As a result, third-party cookies are considered more intrusive than first-party cookies as they allow data to be shared across multiple websites. Furthermore, unbeknownst to the user, advertisers can use them to create detailed user profiles, considered an infringement on privacy.
These issues are particularly concerning because many people don’t understand how cookies work and don’t know how much data advertisers collect about them. For these reasons, Google plans to deprecate third-party cookies to enhance online privacy. But how will advertisers provide users with personalized experiences once Google phases out third-party cookies? If your brand or your marketing agency has largely relied on third-party data, you’re probably in a bit of a panic.
But not to worry, there are effective solutions.
A Deep Dive Into Self-Declared Data
There are two primary types of data marketers can leverage to reach audiences: self-declared data and inferred data.
Self-declared data is data website visitors provide freely through direct interaction. For instance, website visitors can give self-declared data by filling in a contact form on a website, participating in a survey, taking part in an online quiz, and so on.
Self-declared data showcases information about users based on their needs and preferences, making it an excellent way to forge meaningful connections. For instance, if website visitors take part in a survey for small business owners, they typically provide information about themselves such as email, company name, job title, etc. that businesses can leverage to send them personalized ads on a relevant topic.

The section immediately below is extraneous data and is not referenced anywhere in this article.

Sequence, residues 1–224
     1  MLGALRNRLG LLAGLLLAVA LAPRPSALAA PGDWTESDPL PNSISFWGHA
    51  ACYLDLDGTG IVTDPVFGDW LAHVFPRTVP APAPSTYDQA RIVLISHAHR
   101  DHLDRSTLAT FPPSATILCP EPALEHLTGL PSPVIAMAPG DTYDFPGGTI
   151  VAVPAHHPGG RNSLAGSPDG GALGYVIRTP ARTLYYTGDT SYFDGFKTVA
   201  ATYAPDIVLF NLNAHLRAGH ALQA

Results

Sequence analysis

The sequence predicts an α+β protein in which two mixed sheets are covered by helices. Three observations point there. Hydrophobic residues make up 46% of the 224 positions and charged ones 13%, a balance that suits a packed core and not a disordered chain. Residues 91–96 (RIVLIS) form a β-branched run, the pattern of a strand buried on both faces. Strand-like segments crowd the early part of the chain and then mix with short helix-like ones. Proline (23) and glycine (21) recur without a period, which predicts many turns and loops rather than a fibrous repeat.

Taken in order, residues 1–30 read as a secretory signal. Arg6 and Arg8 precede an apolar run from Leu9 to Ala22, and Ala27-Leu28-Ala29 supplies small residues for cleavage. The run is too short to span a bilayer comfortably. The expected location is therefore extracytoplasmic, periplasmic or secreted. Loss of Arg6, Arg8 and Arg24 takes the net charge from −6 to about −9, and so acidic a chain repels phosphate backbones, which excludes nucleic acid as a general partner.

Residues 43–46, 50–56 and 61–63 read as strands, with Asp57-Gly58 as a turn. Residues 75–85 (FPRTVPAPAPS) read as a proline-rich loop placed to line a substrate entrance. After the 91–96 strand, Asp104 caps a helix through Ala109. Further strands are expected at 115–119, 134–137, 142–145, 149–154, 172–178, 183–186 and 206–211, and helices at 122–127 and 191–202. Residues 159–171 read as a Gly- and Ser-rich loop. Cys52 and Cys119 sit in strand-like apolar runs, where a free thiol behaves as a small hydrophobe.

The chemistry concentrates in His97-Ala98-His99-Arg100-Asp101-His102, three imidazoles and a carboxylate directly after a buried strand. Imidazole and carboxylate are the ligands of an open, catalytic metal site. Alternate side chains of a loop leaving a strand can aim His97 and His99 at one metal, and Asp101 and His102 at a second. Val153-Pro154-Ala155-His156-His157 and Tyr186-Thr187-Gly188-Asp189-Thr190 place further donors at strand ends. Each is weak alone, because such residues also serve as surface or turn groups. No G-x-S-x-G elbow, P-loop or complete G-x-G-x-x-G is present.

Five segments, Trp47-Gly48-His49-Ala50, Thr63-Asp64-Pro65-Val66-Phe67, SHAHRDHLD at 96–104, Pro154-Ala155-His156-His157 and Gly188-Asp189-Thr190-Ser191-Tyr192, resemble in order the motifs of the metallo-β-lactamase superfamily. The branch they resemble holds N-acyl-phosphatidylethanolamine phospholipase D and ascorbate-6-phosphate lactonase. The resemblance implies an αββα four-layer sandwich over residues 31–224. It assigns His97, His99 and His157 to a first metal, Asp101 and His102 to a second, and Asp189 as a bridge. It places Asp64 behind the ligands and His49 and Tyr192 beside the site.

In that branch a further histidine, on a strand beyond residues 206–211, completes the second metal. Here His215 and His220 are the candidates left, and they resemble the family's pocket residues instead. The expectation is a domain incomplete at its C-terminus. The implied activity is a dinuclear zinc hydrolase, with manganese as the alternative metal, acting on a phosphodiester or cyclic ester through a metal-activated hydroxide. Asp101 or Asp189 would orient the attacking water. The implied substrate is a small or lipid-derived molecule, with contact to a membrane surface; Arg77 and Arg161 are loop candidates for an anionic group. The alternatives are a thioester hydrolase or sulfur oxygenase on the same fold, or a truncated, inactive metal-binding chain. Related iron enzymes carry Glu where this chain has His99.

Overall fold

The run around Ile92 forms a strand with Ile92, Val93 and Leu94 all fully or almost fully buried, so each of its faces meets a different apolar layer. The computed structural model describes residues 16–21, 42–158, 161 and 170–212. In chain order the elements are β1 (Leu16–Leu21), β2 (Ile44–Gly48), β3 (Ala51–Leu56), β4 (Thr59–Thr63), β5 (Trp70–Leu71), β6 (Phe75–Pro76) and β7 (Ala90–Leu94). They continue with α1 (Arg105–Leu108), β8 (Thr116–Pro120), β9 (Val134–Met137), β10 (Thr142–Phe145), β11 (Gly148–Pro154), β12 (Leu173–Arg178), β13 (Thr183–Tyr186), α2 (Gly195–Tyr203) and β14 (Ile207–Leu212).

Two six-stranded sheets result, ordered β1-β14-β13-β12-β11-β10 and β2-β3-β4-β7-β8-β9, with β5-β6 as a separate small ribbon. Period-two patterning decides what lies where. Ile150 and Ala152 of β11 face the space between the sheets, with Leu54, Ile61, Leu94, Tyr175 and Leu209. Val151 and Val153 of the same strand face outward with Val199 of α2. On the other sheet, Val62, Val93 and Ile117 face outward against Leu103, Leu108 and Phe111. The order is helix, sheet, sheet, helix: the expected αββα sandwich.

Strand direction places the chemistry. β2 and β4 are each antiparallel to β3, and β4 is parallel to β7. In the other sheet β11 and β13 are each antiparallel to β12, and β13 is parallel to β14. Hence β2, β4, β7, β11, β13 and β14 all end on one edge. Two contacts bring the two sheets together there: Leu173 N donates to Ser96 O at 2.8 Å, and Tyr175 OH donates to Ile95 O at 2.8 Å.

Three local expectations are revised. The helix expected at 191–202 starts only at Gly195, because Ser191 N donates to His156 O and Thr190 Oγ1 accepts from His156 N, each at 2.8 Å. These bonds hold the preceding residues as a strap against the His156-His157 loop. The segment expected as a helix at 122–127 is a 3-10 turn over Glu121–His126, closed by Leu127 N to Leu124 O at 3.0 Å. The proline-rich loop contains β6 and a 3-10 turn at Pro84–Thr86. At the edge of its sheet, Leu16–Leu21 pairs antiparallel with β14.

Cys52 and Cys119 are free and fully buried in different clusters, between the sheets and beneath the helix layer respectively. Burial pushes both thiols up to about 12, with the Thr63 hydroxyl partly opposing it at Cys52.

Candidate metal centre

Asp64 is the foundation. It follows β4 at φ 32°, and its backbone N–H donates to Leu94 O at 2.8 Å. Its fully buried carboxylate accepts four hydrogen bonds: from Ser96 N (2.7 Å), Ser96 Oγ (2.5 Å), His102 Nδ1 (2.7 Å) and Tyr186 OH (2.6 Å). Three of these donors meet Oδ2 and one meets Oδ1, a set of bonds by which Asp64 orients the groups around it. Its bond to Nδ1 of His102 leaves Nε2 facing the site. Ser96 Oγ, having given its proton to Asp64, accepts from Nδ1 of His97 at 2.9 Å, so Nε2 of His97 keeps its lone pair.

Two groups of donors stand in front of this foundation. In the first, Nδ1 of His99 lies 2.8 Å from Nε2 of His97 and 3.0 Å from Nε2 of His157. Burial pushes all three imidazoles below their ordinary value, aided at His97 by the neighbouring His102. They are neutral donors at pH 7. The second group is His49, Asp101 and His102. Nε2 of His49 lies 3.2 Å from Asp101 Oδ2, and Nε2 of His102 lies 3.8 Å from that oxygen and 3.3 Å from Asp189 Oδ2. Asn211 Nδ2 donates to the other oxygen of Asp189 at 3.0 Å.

On the other hand, as the name suggests, inferred data isn’t provided directly by website visitors. Instead, it’s based on information users aren’t aware of, such as the pages they visit, purchases, and so on. For instance, if users spend a lot of time on a website page about cosmetic products, an advertiser could infer that they are interested in cosmetic products and serve them related ads.
As a result, self-declared data is generally more effective than inferred data because it takes the guesswork out of determining what users want. It can allow advertisers to send personalized ads to audiences, enhance experiences and build strong relationships.
Why Self-Declared Data is Far Superior to Cookies
Advertisers and marketers have used third-party cookies for years to collect large amounts of data and invaluable insights about audiences. Yet, while third-party cookies offer several benefits, self-declared data is an excellent substitute for cookies for several reasons.
- Offers better transparency. Users control the information they divulge to marketers and how it’s used. On the other hand, third-party cookies offer little transparency. Users don’t control the information collected about them and often don’t know how it’s used. This can damage the relationship between an advertiser and users if the users feel the advertiser has misused their data. Worse still, it can result in increased bounce rates and lost revenue.